- engagement — with an open channel of dialogue between employees and managers, work teams will feel that they are heard and that they are fundamental parts of the corporation. This is directly linked to greater engagement with work and organizational goals;
- development — when every employee receives adequate feedback, they have the opportunity to grow with them and put what they have learned into practice, which contributes to their development as a professional and to the quality of their deliveries;
- talent retention — the professional, when feeling valued and recognized within the company, hardly chooses to leave it. Therefore, well-provided feedback is a great way to retain talent.
What are the best ways to provide feedback?
Even with all the benefits mentioned so far, we know that, in practice, giving feedback is not such an easy task. After all, how to make it not sound accusatory or destructive to those who receive it? Follow the tips below and make the process more objective and effective!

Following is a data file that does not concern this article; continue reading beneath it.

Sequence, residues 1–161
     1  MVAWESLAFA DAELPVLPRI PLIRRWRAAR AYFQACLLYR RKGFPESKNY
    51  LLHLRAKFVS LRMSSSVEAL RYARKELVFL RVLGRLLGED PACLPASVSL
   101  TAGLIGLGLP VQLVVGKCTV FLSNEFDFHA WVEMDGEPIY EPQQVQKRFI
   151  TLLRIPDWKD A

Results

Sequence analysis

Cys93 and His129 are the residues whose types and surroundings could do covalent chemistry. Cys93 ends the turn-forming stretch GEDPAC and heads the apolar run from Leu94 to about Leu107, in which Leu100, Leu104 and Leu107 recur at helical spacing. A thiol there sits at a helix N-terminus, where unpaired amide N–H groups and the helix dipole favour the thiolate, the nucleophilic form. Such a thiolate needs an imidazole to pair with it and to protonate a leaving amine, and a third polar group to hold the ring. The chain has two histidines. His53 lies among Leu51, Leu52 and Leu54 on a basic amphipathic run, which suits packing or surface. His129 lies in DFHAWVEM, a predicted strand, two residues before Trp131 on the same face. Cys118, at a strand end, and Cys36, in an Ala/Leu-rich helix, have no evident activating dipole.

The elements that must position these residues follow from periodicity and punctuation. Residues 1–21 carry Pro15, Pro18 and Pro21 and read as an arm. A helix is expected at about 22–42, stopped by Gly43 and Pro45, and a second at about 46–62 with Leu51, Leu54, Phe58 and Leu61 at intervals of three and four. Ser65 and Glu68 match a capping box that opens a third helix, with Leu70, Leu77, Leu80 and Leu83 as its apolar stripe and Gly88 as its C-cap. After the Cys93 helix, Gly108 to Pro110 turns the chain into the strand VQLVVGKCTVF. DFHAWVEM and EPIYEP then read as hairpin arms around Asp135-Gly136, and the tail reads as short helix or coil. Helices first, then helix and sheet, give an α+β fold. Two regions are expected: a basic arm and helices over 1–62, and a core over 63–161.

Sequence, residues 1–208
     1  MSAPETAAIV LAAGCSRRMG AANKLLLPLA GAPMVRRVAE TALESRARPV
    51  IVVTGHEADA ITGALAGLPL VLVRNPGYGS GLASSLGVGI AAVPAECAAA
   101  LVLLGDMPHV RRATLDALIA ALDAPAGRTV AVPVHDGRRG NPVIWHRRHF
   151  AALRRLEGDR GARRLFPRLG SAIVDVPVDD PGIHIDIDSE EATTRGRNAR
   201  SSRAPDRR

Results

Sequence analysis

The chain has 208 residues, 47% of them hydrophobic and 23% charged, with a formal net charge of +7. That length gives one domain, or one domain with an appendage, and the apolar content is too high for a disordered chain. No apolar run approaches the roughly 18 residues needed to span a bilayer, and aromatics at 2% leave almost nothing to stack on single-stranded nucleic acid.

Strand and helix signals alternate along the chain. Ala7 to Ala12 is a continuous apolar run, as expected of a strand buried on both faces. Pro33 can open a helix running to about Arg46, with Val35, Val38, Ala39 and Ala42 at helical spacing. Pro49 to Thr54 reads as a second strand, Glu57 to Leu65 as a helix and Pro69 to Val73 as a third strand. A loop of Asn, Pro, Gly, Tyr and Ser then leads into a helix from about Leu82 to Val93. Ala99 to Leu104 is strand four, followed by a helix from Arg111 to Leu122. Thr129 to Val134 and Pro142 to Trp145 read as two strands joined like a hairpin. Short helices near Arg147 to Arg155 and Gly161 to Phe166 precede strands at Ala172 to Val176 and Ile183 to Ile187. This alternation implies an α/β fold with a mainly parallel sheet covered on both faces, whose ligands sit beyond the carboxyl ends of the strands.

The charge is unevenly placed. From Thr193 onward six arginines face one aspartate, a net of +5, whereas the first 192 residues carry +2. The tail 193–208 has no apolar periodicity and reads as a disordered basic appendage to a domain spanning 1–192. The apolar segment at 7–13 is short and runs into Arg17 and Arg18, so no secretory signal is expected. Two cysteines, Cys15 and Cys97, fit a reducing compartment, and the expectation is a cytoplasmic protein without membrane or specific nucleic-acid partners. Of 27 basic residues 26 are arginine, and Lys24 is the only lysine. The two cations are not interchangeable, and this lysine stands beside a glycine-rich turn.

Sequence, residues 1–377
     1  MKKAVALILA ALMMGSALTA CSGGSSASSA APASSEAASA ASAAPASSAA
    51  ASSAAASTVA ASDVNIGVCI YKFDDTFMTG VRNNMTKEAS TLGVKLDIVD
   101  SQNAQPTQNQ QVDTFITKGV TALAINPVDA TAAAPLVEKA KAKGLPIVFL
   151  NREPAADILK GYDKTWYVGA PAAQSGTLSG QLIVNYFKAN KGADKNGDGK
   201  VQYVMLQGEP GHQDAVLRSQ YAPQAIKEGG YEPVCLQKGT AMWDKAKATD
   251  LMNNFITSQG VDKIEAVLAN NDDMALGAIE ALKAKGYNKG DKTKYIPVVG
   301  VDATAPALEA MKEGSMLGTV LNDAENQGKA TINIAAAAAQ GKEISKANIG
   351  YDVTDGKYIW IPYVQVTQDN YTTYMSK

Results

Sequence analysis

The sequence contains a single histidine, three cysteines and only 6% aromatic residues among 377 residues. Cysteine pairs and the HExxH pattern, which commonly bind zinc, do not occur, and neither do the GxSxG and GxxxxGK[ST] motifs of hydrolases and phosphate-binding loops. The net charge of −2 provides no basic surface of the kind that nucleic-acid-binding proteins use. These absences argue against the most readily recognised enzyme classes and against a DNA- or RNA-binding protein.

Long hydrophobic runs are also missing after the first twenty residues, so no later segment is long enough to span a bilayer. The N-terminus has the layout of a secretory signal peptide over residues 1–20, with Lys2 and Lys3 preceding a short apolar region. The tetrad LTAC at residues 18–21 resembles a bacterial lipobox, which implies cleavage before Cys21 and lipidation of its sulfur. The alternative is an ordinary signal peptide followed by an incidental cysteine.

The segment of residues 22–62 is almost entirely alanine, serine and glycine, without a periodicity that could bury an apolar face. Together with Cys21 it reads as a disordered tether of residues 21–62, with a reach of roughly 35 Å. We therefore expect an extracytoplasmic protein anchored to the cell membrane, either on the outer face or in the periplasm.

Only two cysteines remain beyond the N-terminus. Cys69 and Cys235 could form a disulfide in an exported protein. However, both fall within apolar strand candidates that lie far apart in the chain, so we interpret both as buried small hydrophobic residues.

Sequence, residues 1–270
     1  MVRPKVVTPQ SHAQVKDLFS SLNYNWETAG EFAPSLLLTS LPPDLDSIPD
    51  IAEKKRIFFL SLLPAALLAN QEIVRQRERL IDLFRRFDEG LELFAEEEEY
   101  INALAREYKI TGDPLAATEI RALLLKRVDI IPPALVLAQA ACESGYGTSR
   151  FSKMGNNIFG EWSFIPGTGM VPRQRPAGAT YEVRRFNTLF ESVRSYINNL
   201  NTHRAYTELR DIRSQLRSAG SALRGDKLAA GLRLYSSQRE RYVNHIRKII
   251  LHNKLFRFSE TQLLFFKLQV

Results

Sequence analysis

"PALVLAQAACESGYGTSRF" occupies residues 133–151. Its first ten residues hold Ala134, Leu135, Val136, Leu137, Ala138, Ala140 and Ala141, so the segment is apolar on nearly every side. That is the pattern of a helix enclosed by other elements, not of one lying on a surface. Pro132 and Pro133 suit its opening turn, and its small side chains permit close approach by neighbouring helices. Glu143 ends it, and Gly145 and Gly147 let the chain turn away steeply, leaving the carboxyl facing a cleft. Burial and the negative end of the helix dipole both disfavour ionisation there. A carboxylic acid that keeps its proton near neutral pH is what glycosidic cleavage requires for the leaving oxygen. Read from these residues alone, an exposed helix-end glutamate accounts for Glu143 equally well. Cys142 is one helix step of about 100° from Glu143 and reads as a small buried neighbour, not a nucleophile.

1. Prepare yourself in advance
The person giving the feedback must consider that it directly involves dealing with others. Therefore, all care and planning at this time are essential so that conflicts do not occur. Being well prepared, then, is the first step before calling the employee into this conversation.
Keep in mind everything that needs to be said and how the message should be expressed, always in the most appropriate tone possible. This avoids confusing the receiver or ending up generating misunderstandings between both parties. Writing down the main points of the conversation in a paper beforehand is an excellent tip to be objective and not get lost during the feedback.
2. Break the ice
Feedback should not be feared or seen as an extremely formal moment, in which employees just sit and listen to destructive criticism of their work. This will only bring negative results – since, as a form of defense, employees will already come with “two stones in their hand” to rebut any given argument.